admin, wrote on December 1, 2017:

Chesterfield Reef

The Tika team Left Noumea knowing that the time to head to east coast Australia was coming close, but simply not feeling ready. We decided to sail north to Chesterfield Reef instead; 11 uninhabited islets and fringing reefs situated in the Coral sea, about half way between New Caledonia and Australia. We sailed 550nm north west from Noumea to get there…


After 2 bouncy days at sea I started wondering what the hell we were doing…it occurred to me that taking an extra 2-3 days to get to a reef smack bang in the middle of nowhere (only to then have to do the return trip) was insane. We were adding 2-3 days to our passage to Australia, and cyclone season was snapping at our heels. We had been told that the bird life at Chesterfield is incredible and that we may get to witness turtles laying eggs on the beach, but really, I wondered if we were just avoiding the inevitable; having to finally leave the South Pacific behind! Our imminent arrival on Australian shores felt like the beginning of the end of our trip. We didn’t want to think about that so we pushed on further north…


Above; the chart (left) of our trip from Grande Terre, New Caledonia to the French owned Chesterfield Reef and (right) a satellite image of the hook shaped lagoon with waypoints to help us navigate around the bombies and reefs.

We arrived in the eastern anchorage to find a string of wild, rugged, untouched, low lying atolls, A barrier reef surrounds the deep lagoon and the southeastern outside skirt gets pounded by the relentless trade-winds. I love places that have a wild side as well as a peaceful lagoon- it’s cool to experience both via a short walk across a coral atoll or sandy isthmus …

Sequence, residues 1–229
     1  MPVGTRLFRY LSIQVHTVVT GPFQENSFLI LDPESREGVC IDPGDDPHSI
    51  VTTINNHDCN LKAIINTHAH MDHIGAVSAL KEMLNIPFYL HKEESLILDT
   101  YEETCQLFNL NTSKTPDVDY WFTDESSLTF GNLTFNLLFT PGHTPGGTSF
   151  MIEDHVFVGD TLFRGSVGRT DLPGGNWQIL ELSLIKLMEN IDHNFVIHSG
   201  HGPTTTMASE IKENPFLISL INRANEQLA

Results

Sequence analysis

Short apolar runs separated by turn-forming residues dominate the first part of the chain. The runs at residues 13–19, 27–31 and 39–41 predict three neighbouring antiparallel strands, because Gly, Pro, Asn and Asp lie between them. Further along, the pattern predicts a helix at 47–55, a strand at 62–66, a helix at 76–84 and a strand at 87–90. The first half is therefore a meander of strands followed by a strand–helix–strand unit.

Chesterfield is a place of stunning beauty and an outpost that is a sanctuary for seabirds and marine animals including sharks and massive green turtles. We saw turtles locked together mating in the lagoon, their bulky bodies splashed and rolled languidly and an occasional flipper would extend out of the water and remain there for quite some time. Oh and birds! Lots and lots and lots of birds.


The birds!! Deafening, raucous squawks, screeches and the heavy aroma of guano permeated the motus of Chesterfield Reef. It’s a massive, mid-ocean, sea bird rookery! Soaring frigates, beach-combing terns, black noddies and masked, brown and red-footed booby birds fill the sky, the low, gnarled shrubs and the beach… The are not afraid of people. A booby bird would honk a little to let us know we were getting too close but only if she was sitting on eggs or coddling a fledgling. Otherwise, if we came walking along, they wouldn’t even bother moving and we would need to edge around their chosen pad of shore-line. There was a perpetual cloud of birds overhead and we would regularly hear low flapping and feel a wind gust as feathered wings and 4 outstretched toes attempted to land on our heads!



Above right; Chesterfield is littered with turtle nests. Turtles are usually fully aquatic and the only time they come ashore is when the females lay their eggs. Apparently, they will look for the same place to nest every year. We certainly saw a lot of flipper tracks criss-crossing from the shallow nests all around the atolls. They weren’t direct tracks from the nests back to the water so we imagined the turtles moving around in search of their annual nesting place. 


The green turtle will lay several batches of eggs at 2-3 week intervals. A hole is excavated with her hind flippers and about 50-150 eggs are deposited. She then covers the eggs with a layer of sand…